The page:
Search Images Maps Play YouTube News Gmail Drive More »
Sign in
Screen reader users: click this link for accessible mode. Accessible mode has the same essential features but works better with your reader.

Patents

  1. Advanced Patent Search
Publication numberUS4055899 A
Publication typeGrant
Application numberUS 05/672,006
Publication dateNov 1, 1977
Filing dateMar 30, 1976
Priority dateMar 30, 1976
Publication number05672006, 672006, US 4055899 A, US 4055899A, US-A-4055899, US4055899 A, US4055899A
InventorsFloyd E. Dean
Original AssigneeDean Floyd E
Export CitationBiBTeX, EndNote, RefMan
External Links: USPTO, USPTO Assignment, Espacenet
Axle alignment machine
US 4055899 A
Abstract
An axle alignment machine on which a trailer can be driven and fastened, simulating the fastening of a trailer to a fifth wheel of a tractor. The machine having a pit located therein which contains carriages that move on tracks. The carriages support the wheels of a trailer so that with plumb bobs and markings in the pit a static alignment of the axles of the trailer may be obtained and with the use of motors to turn wheel rollers on the carriages a dynamic alignment of the axles of the trailer may be obtained.
Images(1)
Previous page
Next page
Claims(2)
I claim:
1. An axle alignment machine comprised of a base having a forward portion and a rearward portion, a stand supporting a fifth wheel located on the forward portion of the base, a pit located in the rearward portion of the base, removable supports extending across the pit, tracks located in the pit, a plurality of carriages, each carriage having a frame, a plurality of track rollers and a plurality of wheel rollers turnably mounted on each frame, the track rollers being in movable engagement with the tracks, the wheel rollers being mounted on the carriages in fixed relation to the track rollers, markings in the pit along the tracks, plumb bobs attached to the carriages to read over the markings along the tracks, the wheel rollers being mounted in fixed relation to each other and the track rollers to support the wheels of a trailer fastened to the fifth wheel, additional markings across the rear of the pit, a rear plumb bob attached to the rear of the trailer to read over the additional markings across the rear of the pit, motors attached to the wheel rollers to turn the wheel rollers.
2. A method of aligning axles on trailers comprised of providing a base having a forward portion and a rearward portion, a stand supporting a fifth wheel located on the forward portion of the base, a pit located in the rearward portion of the base, removable supports extending across the pit, tracks located in the pit, a plurality of carriages, each carriage having a frame, a plurality of track rollers and a plurality of wheel rollers turnably mounted on each frame, the track rollers being in movable engagement with the tracks, the wheel rollers being mounted on the carriages in fixed relation to the track rollers, markings in the pit along the tracks, plumb bobs attached to the carriages to read over the markings along the tracks, the wheel rollers being mounted in fixed relation to each other and the track rollers to support the wheels of a trailer fastened to the fifth wheel, additional markings across the rear of the pit, a rear plumb bob attached to the rear of the trailer to read over the additional markings across the rear of the pit, motors attached to the wheel rollers to turn the wheel rollers, placing the wheels of the trailer on the wheel rollers, removing the supports near the carriages from the pit after the wheels of the trailer are placed on the wheel rollers, providing a plurality of springs attached from the rear portion of the trailer to the axles of the trailer to simulate a load on the trailer, operating the motors attached to the wheel rollers, measuring the amount of drift to the right or left of the axles by reading the markings across the rear of the pit adjacent the rear plumb bob, adjusting the axles of the trailer so that the axles will have no drift to the right or the left on the track rollers when the motors attached to the wheel rollers are running.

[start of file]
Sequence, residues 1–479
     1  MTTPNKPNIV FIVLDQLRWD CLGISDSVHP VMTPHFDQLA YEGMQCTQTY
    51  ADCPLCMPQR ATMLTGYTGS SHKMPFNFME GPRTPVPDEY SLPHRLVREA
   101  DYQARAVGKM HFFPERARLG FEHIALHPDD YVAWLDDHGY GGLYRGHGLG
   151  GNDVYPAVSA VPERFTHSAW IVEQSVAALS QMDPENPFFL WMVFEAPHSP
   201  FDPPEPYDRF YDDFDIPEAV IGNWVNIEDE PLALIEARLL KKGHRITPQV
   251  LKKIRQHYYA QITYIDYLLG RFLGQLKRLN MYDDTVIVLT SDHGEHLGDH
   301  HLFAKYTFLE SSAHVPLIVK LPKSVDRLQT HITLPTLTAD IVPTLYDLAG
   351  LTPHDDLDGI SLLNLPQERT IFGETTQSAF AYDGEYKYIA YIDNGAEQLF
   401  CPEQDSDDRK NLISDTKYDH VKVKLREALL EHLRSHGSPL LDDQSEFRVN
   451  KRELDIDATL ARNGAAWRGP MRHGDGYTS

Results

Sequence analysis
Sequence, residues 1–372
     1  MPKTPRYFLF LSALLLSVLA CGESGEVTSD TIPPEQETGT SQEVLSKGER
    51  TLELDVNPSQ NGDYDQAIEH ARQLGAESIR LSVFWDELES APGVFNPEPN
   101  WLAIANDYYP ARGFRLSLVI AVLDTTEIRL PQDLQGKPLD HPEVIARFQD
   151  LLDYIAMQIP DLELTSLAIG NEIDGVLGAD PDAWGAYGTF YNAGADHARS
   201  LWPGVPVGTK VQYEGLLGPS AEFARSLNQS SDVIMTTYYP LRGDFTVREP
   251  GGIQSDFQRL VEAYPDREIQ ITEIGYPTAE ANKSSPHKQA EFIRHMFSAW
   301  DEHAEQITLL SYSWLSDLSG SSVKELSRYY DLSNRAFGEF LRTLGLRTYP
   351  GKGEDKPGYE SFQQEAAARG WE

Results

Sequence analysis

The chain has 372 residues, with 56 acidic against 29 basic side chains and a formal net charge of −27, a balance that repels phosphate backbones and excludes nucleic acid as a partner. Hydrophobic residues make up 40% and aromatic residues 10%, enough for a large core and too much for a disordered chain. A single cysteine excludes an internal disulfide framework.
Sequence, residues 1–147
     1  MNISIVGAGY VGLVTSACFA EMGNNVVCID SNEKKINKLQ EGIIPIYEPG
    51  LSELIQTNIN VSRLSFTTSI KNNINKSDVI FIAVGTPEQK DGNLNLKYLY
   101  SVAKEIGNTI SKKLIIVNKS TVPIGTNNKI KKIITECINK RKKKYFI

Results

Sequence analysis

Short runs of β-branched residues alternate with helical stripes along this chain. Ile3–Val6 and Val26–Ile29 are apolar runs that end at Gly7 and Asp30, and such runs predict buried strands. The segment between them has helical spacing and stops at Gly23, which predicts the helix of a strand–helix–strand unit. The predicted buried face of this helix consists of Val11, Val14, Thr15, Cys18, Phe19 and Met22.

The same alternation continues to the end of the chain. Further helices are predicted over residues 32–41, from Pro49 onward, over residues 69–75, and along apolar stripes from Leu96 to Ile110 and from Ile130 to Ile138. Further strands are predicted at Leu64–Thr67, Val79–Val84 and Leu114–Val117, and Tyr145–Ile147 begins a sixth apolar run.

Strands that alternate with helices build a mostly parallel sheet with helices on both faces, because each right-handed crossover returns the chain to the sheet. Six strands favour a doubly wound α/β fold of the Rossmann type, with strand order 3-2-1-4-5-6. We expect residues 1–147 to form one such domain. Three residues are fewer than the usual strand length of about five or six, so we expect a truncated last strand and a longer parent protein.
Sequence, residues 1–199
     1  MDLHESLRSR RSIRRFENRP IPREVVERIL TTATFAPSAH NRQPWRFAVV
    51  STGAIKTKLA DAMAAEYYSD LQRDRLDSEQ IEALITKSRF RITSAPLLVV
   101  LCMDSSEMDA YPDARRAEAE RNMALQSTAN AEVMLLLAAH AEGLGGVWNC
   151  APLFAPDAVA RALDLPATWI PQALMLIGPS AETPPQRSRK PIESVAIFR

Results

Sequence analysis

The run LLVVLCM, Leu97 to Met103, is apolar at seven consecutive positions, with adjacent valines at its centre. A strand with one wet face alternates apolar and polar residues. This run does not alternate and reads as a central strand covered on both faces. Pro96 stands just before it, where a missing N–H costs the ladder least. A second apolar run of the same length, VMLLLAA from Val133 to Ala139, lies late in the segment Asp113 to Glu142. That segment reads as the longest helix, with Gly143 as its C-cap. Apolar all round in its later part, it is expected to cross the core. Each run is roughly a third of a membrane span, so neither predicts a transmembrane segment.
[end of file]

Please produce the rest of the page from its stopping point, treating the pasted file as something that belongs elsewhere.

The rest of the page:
Description
BACKGROUND OF THE INVENTION

1. Field of the Invention

This invention pertains to axle alignment machines and more particularly to an alignment machine designed to use both the static and dynamic method of aligning axles on trailers and other vehicles.

2. Description of the Prior Art

Heretofore axle alignment machines have not used both the static and dynamic method but have merely used the static method. It is known that one means to align axles on trailers is to use a road test, noticing the degree that the rear of the trailer runs to the right or the left of the center of an imaginary line extending from the king pin on the trailer rearward towards the back of the trailer. Adjustments were then made to the axles and by a trial and error method the trailer was eventually made to run true.

SUMMARY OF THE INVENTION

The axle alignment machine herein described provides a means to align single or tandem axles without having to road test the trailer.

It is, therefore, an object of this invention to provide an axle alignment machine which will give both a static and dynamic alignment to trailer axles.

It is a further object of this invention to provide an axle alignment machine which will align both single and tandem axle trailers.

It is a further object of this invention to provide an axle alignment machine which will simulate loaded conditions, thus providing more accurate dynamic alignment.

It is a further object of this invention to provide an axle alignment machine which eliminates the necessity of road trial and error testing.

It is a further object of this invention to provide an axle alignment machine which is relatively inexpensive to construct and operate.

Further objections and advantages of this invention will become apparent from the following drawing, description and claims.

BRIEF DESCRIPTION OF THE DRAWING

FIG. 1 is a plan view of the axle alignment machine.